- Miller Fisher syndrome (MFS): MFS occurs in around 5 to 10 percent of GBS cases in the U.S. However, this form of GBS is more prevalent in Asia. Paralysis begins with the eyes, and problems with walking are common.
- Acute motor axonal neuropathy (AMAN) and acute motor-sensory axonal neuropathy (AMSAN): These versions of the condition are rare in the U.S. but more common in Japan, China, and Mexico.
The symptoms of GBS typically begin with tingling and weakness in the feet and legs that gradually spreads to the rest of the body.
Symptoms of GBS, including weakness, instability, and pain, typically start in the lower body and move upwards.
Around 1 in 10 people with GBS report tingling sensations starting in their face or neck. The weakness gradually gets worse and becomes paralysis.
Symptoms and other complications include:
- weakness in the lower body, moving upward
- general instability when walking
- less control over facial muscles during activities such as chewing or talking
- cramp-like pain that gets worse at night
- lack of control over the bowel or bladder
- pain, with around 50 percent of people with GBS experiencing severe nerve pain that may need drug management
- a faster heart rate than normal
- high or low blood pressure
- blood clots
- pressure sores if a person is immobile for a considerable length of time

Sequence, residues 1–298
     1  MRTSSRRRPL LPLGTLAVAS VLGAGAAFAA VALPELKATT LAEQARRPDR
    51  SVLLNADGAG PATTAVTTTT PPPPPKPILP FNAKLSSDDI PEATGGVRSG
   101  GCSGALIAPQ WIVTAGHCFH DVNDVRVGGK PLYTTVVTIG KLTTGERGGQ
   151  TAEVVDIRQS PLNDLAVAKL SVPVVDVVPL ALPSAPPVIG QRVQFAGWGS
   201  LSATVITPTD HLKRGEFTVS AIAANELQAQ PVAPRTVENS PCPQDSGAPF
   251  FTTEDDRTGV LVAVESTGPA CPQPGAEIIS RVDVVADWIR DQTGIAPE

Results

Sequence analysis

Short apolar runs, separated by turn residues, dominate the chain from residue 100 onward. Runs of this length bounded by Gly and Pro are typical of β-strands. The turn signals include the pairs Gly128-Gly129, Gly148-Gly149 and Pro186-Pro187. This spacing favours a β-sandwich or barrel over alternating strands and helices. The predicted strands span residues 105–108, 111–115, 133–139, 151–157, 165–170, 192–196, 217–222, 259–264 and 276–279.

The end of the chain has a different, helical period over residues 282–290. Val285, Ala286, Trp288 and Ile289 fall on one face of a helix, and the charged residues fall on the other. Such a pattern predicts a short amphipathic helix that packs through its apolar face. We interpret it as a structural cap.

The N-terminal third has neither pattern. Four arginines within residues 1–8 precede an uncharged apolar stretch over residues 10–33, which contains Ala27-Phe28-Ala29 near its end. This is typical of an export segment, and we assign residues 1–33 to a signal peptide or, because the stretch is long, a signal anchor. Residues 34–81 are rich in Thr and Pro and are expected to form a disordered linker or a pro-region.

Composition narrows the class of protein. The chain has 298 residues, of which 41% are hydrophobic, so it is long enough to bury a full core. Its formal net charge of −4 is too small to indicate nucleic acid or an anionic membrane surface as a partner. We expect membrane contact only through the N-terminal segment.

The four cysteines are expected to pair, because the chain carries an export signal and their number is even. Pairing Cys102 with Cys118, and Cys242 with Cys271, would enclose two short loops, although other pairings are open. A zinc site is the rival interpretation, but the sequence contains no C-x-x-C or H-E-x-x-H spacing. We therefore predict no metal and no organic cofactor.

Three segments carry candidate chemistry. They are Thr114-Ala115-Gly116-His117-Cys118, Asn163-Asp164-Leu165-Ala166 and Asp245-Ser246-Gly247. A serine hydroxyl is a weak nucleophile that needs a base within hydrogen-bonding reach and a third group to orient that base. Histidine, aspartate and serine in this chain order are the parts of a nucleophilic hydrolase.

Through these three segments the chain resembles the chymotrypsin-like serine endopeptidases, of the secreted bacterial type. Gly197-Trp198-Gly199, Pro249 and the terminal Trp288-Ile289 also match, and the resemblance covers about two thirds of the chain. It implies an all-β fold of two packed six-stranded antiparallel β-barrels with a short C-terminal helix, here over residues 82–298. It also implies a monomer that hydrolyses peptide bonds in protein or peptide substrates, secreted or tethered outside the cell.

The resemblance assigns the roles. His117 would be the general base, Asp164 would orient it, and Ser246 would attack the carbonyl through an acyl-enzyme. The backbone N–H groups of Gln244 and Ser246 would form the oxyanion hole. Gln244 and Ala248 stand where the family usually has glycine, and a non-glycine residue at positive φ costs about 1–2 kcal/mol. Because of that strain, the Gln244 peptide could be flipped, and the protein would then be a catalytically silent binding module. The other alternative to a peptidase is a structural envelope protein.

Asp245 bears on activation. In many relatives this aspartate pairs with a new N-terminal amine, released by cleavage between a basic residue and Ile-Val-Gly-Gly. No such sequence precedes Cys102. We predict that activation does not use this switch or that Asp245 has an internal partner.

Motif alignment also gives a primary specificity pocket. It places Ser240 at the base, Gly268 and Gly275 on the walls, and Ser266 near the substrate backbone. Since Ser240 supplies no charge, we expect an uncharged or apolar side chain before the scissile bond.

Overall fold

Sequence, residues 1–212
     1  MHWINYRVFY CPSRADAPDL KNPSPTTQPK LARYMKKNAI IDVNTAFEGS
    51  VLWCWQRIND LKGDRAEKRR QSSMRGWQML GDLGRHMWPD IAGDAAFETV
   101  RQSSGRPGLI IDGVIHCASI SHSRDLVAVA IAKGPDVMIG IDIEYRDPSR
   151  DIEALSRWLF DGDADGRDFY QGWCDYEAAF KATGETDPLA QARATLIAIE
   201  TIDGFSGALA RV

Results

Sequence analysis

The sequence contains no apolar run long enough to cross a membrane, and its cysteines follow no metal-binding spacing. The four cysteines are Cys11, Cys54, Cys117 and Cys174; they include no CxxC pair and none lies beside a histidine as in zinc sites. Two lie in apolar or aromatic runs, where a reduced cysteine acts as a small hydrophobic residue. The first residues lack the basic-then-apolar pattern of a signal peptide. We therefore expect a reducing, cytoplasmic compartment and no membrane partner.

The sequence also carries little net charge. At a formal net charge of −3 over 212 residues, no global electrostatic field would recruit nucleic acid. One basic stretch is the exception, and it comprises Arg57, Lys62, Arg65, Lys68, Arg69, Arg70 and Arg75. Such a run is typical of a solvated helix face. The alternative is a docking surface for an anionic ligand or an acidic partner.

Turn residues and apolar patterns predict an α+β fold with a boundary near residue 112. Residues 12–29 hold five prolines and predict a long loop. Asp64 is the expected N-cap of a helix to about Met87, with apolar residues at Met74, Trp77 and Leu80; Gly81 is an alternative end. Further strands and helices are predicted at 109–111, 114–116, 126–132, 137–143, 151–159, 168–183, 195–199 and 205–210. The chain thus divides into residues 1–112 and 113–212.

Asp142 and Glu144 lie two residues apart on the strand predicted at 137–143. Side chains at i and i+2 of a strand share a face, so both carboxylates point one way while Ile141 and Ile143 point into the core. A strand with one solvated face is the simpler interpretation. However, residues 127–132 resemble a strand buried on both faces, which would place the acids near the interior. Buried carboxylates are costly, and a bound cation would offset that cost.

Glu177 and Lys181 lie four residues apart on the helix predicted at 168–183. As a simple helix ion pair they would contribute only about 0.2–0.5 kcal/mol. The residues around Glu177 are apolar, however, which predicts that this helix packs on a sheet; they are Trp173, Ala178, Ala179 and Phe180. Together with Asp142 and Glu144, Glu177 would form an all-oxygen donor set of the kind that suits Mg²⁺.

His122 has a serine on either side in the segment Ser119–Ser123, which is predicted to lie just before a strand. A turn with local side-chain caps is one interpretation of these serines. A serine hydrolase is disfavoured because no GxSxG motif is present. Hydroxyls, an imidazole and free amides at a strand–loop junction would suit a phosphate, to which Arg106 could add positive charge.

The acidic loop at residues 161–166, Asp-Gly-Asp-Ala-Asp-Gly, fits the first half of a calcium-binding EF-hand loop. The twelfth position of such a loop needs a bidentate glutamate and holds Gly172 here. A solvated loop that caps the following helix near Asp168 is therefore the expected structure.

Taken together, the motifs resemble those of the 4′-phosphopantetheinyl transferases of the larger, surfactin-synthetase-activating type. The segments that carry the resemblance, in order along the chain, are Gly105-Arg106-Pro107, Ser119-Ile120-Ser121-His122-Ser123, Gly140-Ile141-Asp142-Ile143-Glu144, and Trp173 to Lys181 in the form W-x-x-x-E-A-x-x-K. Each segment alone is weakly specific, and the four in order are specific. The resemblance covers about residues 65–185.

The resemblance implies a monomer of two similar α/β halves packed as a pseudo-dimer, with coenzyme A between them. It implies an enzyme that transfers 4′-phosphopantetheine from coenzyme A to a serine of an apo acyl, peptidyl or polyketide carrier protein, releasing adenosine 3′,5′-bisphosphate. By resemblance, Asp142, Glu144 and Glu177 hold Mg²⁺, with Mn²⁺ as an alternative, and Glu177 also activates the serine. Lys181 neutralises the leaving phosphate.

- difficulty breathing
- a future relapse of the condition in 3 percent of people with GBS
- psychological and cognitive difficulties
Contact a healthcare professional immediately if these symptoms occur.
GBS can also cause emotional symptoms, as adjusting to rapid paralysis and requiring assistance from others for daily tasks can be distressing.
The exact causes of GBS are still not known.
The condition often develops a few days or weeks after an infection of the digestive or respiratory tract. This suggests that they could be related to GBS. In rarer cases, the syndrome can occur following surgery, other infections, or immunization.
Some physicians believe that viral and bacterial infections may change the how the immune system reacts to the peripheral nerves, possibly causing the myelin and underlying axon not to be recognized as body tissue. This would make them a target for immune response.
There are some known risk factors, including:
- Sex: Males are slightly more likely to contract GBS.
- Age: Risk increases with age.
- Campylobacter jejuni bacterial infection: A common cause of food poisoning, this infection sometimes occurs before GBS.
- Influenza virus, HIV, or Epstein-Barr virus (EBV): These have occurred in association with cases of GBS.
- Mycoplasma pneumonia: This is a bacterial infection of the lungs.
- Surgery: Some surgeries can trigger GBS.
- Hodgkin's lymphoma: Cancer of the lymphatic system can lead to GBS.
- Influenza vaccination or childhood vaccinations: These have also been linked to GBS in rare cases.
Is the Zika virus linked?
Recent findings reported in The Lancet suggest that the Zika virus might also cause GBS.
Zika virus has previously been associated with GBS. The link was first described in 2013 and 2014 when the incidence of GBS showed a significant increase over 4 to 5 years during a Zika outbreak in the French Polynesian islands.